A bizarre fossilized skull has recently been discovered somewhere in eastern Utah and scientists are now baffled by it. This 130-million-year-old skull might shed some light on the history of our planet, mainly because it belonged to an unusual reptilian-mammal creature. Experts have described the creature in a study which the journal Nature recently published. They named it Cifelliodon wahkarmoosuch, in honor of paleontologist Richard Cifelli. According to Adam Huttenlocker, the leader of the study, they have now managed to recognize a new and cosmopolitan group of mammal relatives. This near-complete skull proves that we still have much to learn about the early history of the Earth
This new Cifelliodon species belongs to an early branch of mammal ancestors that are now long extinct. Interesting enough, even if this animal was covered in fur and took good care of its babies, it actually laid eggs. Today, there are only two types of such mammals alive, the spiny anteater and the platypus species. Paleontologists may now have an idea about how mammals actually evolved and spread while dinosaurs were still roaming the planet. Moreover, it seems that the ancient supercontinent Pangea continued to divide for 15 million years. This is a lot more than experts previously thought.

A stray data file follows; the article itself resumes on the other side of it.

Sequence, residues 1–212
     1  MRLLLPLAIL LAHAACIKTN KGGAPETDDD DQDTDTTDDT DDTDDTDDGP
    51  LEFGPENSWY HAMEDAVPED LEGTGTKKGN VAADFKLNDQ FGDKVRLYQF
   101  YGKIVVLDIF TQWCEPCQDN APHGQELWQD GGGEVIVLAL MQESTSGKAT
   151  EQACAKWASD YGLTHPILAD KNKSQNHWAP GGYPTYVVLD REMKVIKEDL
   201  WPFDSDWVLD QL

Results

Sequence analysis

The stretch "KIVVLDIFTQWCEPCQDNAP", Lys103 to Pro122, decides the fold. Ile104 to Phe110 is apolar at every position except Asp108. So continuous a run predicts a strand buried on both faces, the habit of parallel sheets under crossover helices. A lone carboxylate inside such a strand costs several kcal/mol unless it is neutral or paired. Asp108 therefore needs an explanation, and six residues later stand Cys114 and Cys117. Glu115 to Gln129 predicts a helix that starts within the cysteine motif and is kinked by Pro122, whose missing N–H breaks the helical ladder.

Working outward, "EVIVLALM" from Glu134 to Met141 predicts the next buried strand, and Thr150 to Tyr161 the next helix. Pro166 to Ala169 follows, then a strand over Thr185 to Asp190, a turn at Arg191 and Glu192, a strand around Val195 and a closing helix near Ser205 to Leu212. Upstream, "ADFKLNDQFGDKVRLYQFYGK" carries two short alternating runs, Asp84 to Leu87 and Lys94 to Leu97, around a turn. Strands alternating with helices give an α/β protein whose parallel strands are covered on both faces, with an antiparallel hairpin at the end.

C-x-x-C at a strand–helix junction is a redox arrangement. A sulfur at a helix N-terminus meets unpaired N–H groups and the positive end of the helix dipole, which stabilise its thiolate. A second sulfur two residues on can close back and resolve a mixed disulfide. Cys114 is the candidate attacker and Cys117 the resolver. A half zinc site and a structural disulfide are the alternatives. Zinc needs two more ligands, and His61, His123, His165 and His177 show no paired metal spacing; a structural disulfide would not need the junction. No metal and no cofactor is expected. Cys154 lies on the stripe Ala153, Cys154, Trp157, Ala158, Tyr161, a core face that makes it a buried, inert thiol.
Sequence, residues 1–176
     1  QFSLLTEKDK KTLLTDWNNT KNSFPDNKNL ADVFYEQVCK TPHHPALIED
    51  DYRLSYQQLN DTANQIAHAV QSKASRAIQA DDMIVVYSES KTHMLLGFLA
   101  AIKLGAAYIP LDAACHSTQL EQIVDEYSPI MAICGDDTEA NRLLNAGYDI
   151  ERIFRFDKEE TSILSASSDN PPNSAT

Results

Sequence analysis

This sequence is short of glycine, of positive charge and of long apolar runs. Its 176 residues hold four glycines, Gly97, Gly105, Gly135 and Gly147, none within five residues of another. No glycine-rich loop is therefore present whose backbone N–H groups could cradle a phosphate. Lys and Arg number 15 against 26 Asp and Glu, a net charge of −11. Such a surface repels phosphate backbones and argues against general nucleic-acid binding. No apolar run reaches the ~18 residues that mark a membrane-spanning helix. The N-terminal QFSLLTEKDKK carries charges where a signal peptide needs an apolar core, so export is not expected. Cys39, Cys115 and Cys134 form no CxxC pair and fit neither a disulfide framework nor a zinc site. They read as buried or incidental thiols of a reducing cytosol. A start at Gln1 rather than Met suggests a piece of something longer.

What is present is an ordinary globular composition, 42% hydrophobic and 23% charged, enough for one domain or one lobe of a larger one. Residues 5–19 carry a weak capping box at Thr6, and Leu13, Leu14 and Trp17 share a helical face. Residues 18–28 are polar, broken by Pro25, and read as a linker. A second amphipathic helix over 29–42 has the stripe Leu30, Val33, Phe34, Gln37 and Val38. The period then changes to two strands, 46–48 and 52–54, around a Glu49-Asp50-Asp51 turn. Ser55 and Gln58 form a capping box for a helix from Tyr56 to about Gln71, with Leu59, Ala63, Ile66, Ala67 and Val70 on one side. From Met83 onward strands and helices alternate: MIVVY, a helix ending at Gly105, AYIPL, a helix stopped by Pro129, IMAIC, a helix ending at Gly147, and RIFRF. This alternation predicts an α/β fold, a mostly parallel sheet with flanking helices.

The unusual reptilian-mammal that laid eggs
It seems that the mammal migration, along with their relatives, kept on going during the early Cretaceous period, which means about 145 million to 101 million years ago. Adam Huttenlocker also says that experts thought for a long time that mammals from the Cretaceous period had a similar anatomy but ecologically different. Thanks to this new discovery, we now know that was not the case.
The Cifelliodon was about the same size as a small hare, weighing about 2.5 pounds. It had teeth like bats and probably also ate plants. Utah is actually a heaven for fossil lovers because many remains have been discovered there.
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